The New Yorker’s Ronan Farrow and Jane Mayer, both veteran reporters of sexual misconduct scandals involving high-profile figures in media and politics, have reported that Feinstein’s staff characterized the alleged incident as “too distant in the past to merit public discussion,” and that Feinstein felt the committee should focus on Kavanaugh’s legal, rather than personal, background.
Feinstein’s office called these claims “not accurate.”
“Sen. Feinstein has repeatedly said her decisions were based on the victim’s request for anonymity, but once the media leaked the existence of the letter, she referred it to the FBI,” Tom Mentzner, Feinstein’s communications director, told The Daily Beast. “That’s the long and short of it.”
Not everyone on the left is convinced that Feinstein should be attacked for preventing the release of Ford’s letter. Liberal billionaire donor Tom Steyer, one of de León’s most high-profile supporters, told The Daily Beast that Feinstein, who just this year drafted legislation requiring the governing bodies of amateur athletics groups to report sex-abuse allegations to law enforcement, made a difficult judgment call to protect Ford’s identity.
“I feel very badly for Sen. Feinstein, because I think she was in a very tough situation,” Steyer said in an interview. Describing Kavanaugh as an “extremist,” Steyer, who endorsed de León and has contributed to his campaign, said that the bigger mistake would be for Democrats to think that their business can be done in Washington in a “collegial and friendly” way going forward.
“We need to be very clear and very decisive going forward and to understand that this is a confrontation with a radical right-wing group and they are trying to basically force their ideology down the throats of the American people,” Steyer said.
Ford’s own attorneys have defended Feinstein, as well.
“We do think that Feinstein did well by her, and we do think that people took this decision away from her, and that’s wrong,” Debra Katz, one of Ford’s lawyers, told the New York Times. “If the #MeToo era teaches us anything, it’s that a person gets to choose when, where and how, and now this person is going to be injected into a life-altering blood bath.”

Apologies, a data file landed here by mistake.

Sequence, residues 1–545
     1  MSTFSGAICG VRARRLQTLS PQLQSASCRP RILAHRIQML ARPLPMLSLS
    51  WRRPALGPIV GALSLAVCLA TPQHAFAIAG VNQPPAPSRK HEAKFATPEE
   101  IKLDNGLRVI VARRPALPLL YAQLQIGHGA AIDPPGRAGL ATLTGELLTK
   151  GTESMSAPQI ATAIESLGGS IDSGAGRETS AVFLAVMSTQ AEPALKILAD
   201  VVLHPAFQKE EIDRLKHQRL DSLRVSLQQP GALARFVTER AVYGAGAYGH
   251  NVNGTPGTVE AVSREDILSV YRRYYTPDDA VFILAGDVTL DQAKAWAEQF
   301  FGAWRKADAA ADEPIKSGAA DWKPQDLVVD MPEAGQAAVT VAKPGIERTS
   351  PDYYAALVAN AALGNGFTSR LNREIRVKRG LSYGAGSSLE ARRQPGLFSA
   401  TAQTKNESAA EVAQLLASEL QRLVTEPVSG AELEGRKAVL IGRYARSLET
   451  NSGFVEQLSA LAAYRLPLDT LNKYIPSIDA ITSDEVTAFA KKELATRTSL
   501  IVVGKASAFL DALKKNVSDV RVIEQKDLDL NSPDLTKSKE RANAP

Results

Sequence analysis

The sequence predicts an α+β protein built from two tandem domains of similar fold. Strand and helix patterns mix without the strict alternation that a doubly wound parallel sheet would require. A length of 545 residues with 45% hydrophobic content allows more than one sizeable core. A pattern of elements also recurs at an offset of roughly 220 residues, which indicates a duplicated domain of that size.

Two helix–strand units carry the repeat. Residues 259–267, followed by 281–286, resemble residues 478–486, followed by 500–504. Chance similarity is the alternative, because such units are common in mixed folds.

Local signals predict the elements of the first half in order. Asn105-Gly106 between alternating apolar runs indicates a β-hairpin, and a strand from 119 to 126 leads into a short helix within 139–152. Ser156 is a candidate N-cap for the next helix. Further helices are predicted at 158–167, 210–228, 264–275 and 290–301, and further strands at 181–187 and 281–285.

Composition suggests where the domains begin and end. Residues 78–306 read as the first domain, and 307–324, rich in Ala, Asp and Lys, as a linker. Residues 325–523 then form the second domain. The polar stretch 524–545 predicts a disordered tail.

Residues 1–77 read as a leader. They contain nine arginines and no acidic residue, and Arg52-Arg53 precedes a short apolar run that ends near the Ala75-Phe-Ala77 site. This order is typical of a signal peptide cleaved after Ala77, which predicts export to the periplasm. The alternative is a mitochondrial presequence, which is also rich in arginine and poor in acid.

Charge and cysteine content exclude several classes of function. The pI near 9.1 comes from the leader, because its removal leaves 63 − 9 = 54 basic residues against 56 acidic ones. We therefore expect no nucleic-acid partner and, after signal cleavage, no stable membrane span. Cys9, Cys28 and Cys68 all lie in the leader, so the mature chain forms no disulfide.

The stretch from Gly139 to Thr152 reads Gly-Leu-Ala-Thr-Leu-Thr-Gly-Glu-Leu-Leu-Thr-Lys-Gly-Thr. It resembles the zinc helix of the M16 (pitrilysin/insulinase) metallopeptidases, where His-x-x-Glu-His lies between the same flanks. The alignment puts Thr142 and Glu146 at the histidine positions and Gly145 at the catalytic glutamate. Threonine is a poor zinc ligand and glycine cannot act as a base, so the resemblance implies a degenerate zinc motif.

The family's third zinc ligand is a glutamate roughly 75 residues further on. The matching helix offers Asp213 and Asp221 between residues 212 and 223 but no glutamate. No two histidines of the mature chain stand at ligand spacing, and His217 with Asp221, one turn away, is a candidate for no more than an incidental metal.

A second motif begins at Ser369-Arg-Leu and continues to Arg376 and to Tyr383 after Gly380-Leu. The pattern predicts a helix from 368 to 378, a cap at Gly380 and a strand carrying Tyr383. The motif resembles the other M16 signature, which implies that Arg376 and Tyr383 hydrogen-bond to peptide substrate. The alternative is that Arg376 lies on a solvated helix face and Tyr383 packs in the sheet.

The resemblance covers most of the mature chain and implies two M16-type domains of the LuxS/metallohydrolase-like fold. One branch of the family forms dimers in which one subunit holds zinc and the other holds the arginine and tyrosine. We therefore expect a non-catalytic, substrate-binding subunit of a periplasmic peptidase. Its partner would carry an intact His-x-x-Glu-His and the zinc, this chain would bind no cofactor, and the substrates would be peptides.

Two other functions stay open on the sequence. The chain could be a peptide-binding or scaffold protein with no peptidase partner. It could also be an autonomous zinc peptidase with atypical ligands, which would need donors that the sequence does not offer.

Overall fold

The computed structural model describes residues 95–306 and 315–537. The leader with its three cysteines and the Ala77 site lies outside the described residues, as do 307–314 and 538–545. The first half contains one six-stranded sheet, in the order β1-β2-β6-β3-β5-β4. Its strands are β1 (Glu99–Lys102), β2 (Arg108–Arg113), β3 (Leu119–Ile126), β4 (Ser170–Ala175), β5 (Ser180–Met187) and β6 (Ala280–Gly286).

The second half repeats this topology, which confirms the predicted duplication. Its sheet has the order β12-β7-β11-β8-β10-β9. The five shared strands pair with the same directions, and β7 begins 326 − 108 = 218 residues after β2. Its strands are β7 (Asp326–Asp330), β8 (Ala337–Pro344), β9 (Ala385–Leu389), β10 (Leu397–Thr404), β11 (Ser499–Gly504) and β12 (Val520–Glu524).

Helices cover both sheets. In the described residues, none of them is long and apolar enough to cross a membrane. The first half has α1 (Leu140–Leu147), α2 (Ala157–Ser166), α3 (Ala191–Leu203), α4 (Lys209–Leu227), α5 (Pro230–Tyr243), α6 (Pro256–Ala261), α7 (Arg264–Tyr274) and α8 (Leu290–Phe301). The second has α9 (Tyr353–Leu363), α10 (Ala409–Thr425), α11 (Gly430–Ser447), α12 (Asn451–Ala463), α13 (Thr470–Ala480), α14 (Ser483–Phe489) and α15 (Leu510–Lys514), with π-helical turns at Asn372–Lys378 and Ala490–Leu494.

Republicans, for their part, clearly smell blood in the water, and have characterized the timing of the letter’s release as a calculated bid by Feinstein to overturn Kavanaugh’s nomination in the eleventh hour.
“It would be the ultimate miscarriage of justice if [Republicans] allowed a senator who sat on a damaging charge, and did not send that charge to the FBI, and did not share it with the committee—it would be the ultimate miscarriage to allow that senator to hijack that process,” Matt Schlapp, a prominent Trump surrogate and chair of the American Conservative Union, told The Daily Beast. An editorial in the Wall Street Journal accused Feinstein of “not liking the odds of defeating Judge Kavanaugh’s confirmation,” and therefore finding “a devilishly clever way to head it off after all.”
President Donald Trump, who has himself weathered more than a dozen accusations of sexual misconduct and sexual assault, has told those close to him that he believes that the accusations are part of a liberal “conspiracy” to prevent the confirmation of his second Supreme Court nominee.
Now that Ford’s accusations and her identity have been made public, Feinstein has joined her fellow Democrats on the Judiciary Committee in calling for the postponement of the committee’s impending vote on Kavanaugh’s nomination, as well as allowing Ford and Kavanaugh to testify as to the allegations under oath. Doing so, Feinstein joined the other Democrats in saying, might prevent the committee from committing the same mistakes that helped prompt her rise to the U.S. Senate in the first place.
—with additional reporting by Gideon Resnick